Compound of Formula I, wherein A is tBOC, B is H, G is OH, W is
Q is absent, M is 4-methoxyphenyl, m=s=1, R5 is t-butyl, and R6 is vinyl;
Compound of Formula I, wherein A is tBOC, B is H, G is OH, W is
Q is absent, M is 4-ethoxyphenyl, m=s=1, R5 is t-butyl, and R6 is vinyl;
Compound of Formula I, wherein A is tBOC, B is H, G is OH, W is
Q is absent, M is 4-trifluoromethylphenyl, m=s=1, R5 is t-butyl, and R6 is vinyl;
Compound of Formula I, wherein A is tBOC, B is H, G is OH, W is
Q is absent, M is 3,5-di(trifluoromethyl)phenyl, m=s=1, R5 is t-butyl, and R6 is vinyl;
Compound of Formula I, wherein A is tBOC, B is H, G is OH, W is
Q is absent, M is 4-(NN-dimethylamino)-3,5-di(trifluoromethyl)phenyl, m=s=1, R5 is t-butyl, and R6 is vinyl;
Compound of Formula I, wherein A is tBOC, B is H, G is OH, W is
Q is absent, M is 2,4-dichlorophenyl, m=s=1, R5 is t-butyl, and R6 is vinyl;
Compound of Formula I, wherein A is tBOC, B is H, G is OH, W is
Q is absent, M is 3,5-dichlorophenyl, m=s=1, R5 is t-butyl, and R6 is vinyl;
Compound of Formula I, wherein A is tBOC, B is H, G is OH, W is
Q is absent, M is 3,4-dichlorophenyl, m=s=1, R5 is t-butyl, and R6 is vinyl;
Compound of Formula I, wherein A is tBOC, B is H, G is OH, W is
Q is absent, M is 2-pyridyl, m=s=1, R5 is t-butyl, and R6 is vinyl;
Compound of Formula I, wherein A is tBOC, B is H, G is OH, W is
Q is absent, M is 2-pyridyl, m=s=1, R5 is t-butyl, and R6 is vinyl;
Compound of Formula I, wherein A is tBOC, B is H, G is OH, W is
Q is absent, M is 3-pyridyl, m=s=1, R5 is t-butyl, and R6 is vinyl;
Compound of Formula I, wherein A is tBOC, B is H, G is OH, W is
Q is absent, M is 4-pyridyl, m=s=1, R5 is t-butyl, and R6 is vinyl;
Compound of Formula I, wherein A is tBOC, B is H, G is OH, W is
Q is absent, M is 4-methoxy-3-bromophenyl, m=s=1, R5 is t-butyl, and R6 is vinyl;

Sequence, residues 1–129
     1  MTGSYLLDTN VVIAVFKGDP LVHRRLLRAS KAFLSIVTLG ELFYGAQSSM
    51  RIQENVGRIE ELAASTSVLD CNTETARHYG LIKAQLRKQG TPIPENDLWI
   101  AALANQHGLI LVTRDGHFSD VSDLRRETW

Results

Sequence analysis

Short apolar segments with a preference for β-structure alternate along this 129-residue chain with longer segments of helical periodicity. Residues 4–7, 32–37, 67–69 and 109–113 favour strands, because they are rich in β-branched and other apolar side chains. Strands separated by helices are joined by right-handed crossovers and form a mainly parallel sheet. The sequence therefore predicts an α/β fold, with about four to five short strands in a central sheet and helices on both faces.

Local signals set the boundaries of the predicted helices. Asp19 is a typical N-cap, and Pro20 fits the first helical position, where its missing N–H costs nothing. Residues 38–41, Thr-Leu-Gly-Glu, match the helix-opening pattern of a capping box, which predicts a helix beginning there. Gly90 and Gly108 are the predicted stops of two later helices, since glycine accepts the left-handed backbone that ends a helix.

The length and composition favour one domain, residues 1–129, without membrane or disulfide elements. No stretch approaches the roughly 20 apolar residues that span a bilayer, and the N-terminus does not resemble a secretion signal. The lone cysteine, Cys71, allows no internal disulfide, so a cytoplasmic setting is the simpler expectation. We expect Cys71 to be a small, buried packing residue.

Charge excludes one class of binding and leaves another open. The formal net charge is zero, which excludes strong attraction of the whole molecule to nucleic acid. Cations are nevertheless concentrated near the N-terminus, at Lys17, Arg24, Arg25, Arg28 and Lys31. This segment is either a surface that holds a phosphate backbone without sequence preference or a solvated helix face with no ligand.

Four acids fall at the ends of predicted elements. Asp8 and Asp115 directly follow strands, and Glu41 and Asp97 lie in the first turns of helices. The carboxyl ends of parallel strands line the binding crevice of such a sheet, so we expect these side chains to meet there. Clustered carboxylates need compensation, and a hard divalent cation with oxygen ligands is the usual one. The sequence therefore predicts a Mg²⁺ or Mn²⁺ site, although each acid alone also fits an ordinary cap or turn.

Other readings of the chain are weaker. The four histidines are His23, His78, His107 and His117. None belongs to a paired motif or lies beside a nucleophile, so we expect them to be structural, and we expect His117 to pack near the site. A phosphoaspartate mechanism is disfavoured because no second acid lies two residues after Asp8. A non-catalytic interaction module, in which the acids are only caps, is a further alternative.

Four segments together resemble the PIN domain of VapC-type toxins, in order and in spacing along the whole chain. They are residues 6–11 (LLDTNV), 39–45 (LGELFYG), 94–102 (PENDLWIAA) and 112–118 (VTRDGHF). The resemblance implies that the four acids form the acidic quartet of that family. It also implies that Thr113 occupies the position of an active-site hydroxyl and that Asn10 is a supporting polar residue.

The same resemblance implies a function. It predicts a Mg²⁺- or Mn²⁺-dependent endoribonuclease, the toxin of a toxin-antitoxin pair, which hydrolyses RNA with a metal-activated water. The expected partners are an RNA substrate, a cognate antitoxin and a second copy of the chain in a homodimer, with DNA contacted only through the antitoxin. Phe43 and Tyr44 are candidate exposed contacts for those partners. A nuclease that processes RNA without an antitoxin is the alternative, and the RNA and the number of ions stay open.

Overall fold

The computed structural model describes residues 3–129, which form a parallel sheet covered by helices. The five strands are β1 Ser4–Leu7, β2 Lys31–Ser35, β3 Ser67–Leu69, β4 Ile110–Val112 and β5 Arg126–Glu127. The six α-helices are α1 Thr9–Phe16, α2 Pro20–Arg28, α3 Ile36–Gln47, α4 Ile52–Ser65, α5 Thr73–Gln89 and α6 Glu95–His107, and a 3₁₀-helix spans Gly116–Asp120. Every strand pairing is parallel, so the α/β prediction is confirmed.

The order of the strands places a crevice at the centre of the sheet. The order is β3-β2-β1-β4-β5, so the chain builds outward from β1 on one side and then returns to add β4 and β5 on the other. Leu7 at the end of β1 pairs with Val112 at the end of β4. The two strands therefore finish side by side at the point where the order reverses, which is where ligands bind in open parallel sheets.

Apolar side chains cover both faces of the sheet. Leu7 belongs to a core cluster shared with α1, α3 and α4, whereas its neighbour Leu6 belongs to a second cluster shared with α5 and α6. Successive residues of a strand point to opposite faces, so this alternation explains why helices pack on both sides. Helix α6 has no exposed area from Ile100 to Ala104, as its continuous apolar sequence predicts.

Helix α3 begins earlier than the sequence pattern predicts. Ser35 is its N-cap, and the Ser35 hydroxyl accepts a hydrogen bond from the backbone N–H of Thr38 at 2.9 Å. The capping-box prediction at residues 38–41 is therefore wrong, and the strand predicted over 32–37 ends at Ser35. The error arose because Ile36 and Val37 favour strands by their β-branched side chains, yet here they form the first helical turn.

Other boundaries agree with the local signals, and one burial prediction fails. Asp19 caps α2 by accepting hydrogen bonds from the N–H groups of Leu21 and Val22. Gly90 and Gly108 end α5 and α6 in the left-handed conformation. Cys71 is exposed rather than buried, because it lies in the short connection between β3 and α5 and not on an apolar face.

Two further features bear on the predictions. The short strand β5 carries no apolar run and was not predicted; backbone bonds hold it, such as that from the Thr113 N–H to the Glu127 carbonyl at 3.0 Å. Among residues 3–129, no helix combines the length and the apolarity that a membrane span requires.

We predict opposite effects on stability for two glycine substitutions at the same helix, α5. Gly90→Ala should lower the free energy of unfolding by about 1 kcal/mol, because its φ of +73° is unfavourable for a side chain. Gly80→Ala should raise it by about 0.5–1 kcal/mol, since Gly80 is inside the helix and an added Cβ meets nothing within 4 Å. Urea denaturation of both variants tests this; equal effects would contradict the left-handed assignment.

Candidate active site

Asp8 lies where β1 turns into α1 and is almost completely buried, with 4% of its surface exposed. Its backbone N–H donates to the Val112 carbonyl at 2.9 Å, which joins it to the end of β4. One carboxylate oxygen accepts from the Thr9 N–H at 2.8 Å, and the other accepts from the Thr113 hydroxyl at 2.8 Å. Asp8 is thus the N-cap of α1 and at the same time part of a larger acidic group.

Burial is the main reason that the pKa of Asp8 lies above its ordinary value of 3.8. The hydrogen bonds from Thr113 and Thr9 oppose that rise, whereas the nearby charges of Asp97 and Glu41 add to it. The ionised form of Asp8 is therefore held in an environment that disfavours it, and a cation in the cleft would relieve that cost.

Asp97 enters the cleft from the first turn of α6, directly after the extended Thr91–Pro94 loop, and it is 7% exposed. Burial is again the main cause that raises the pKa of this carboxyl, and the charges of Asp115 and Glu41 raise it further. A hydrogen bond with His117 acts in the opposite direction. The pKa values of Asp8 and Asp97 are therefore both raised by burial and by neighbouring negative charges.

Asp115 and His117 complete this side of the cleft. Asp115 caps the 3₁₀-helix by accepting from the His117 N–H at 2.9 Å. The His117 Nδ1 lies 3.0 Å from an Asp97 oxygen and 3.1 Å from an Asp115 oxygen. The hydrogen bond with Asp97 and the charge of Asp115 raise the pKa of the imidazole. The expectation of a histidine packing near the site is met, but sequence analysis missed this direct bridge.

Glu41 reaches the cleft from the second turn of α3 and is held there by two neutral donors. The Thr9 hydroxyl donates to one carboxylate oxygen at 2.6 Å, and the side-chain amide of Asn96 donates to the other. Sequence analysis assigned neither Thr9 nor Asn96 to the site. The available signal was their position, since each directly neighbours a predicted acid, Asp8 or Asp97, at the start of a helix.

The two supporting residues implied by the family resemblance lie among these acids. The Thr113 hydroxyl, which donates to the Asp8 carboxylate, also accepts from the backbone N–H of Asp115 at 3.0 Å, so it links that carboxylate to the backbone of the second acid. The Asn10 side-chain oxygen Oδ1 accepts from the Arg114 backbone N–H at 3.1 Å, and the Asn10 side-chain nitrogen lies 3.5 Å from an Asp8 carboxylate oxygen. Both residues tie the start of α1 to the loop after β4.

Compound of Formula I, wherein A is tBOC, B is H, G is OH, W is
Q is absent, M is 4-(methylcyclopropane)phenyl, m=s=1, R5 is t-butyl, and R6 is vinyl;
Compound of Formula I, wherein A is tBOC, B is H, G is OH, W is
Q is absent, M is 3-chloro-4-(methylcyclopropane)phenyl, m=s=1, R5 is t-butyl, and R6 is vinyl;
Compound of Formula I, wherein A is tBOC, B is H, G is OH, W is
Q is absent, M is 3-chloro-4-methoxyphenyl, m=s=1, R5 is t-butyl, and R6 is vinyl;
Compound of Formula I, wherein A is tBOC, B is H, G is OH, W is
Q is absent, M is 3-chloro4-ethoxyphenyl, m=s=1, R5 is t-butyl, and R6 is vinyl;
Compound of Formula I, wherein A is tBOC, B is H, G is OH, W is
Q is absent, M is 3-bromo-4-ethoxyphenyl, m=s=1, R5 is t-butyl, and R6 is vinyl;
Compound of Formula I, wherein A is tBOC, B is H, G is OH, W is
Q is absent, M is 3-chloro-4-(2-hydroxyethoxy)phenyl, m=s=1, R5 is t-butyl, and R6 is vinyl;
Compound of Formula I, wherein A is tBOC, B is H, G is OH, W is
Q is absent, M is 3-bromo-4-(2-hydroxyethoxy)phenyl, m=s=1, R5 is t-butyl, and R6 is vinyl;
Compound of Formula I, wherein A is tBOC, B is H, G is OH, W is
Q is absent, M is 3-chloro-4-(O-allyl)phenyl, m=s=1, R5 is t-butyl, and R6 is vinyl;
Compound of Formula I, wherein A is tBOC, B is H, G is OH, W is
Q is absent, M is 3-bromo-4-(O-allyl)phenyl, m=s=1, R5 is t-butyl, and R6 is vinyl;
Compound of Formula I, wherein A is tBOC, B is H, G is OH, W is
Q is absent, M is 3-chloro4-(O—CH2SCH3)phenyl, m=s=1, R5 is t-butyl, and R6 is vinyl;
Compound of Formula I, wherein A is tBOC, B is H, G is OH, W is
Q is absent, M is 3-chloro-4-(O—CH2SCH3)phenyl, m=s=1, R5 is t-butyl , and R6 is vinyl;
Compound of Formula I, wherein A is tBOC, B is H, G is OH, W is
wherein Q′ is —CH2—, M is
m=s=1, R5 is t-butyl, and R6 is vinyl;
Compound of Formula I, wherein A is tBOC, B is H, G is OH, W is
wherein Q′ is —CH2—, M is
m=s=1, R5 is t-butyl, and R6 is vinyl;
Compound of Formula I, wherein A is —(C═O)—O—R1, wherein R1 is cyclopentyl, B is H, G is OH, W is
Q is absent, M is phenyl, m=s=1, R5 is t-butyl, and R6 is vinyl;
Compound of Formula I, wherein A is —(C═O)—O—R1, wherein R1 is cyclobutyl, B is H, G is OH, W is
Q is absent, M is phenyl, m=s=1, R5 is t-butyl, and R6 is vinyl;
Compound of Formula I, wherein A is —(C═O)—O—R1, wherein R1 is cyclohexyl, B is H, G is OH, W is
Q is absent, M is phenyl, m=s=1, R5 is t-butyl, and R6 is vinyl;